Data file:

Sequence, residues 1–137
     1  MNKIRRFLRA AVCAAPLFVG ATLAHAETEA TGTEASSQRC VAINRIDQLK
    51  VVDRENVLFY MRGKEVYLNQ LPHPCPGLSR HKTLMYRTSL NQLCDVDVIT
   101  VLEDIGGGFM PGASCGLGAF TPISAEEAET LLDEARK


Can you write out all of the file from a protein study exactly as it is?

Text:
Sequence, residues 1–137
     1  MNKIRRFLRA AVCAAPLFVG ATLAHAETEA TGTEASSQRC VAINRIDQLK
    51  VVDRENVLFY MRGKEVYLNQ LPHPCPGLSR HKTLMYRTSL NQLCDVDVIT
   101  VLEDIGGGFM PGASCGLGAF TPISAEEAET LLDEARK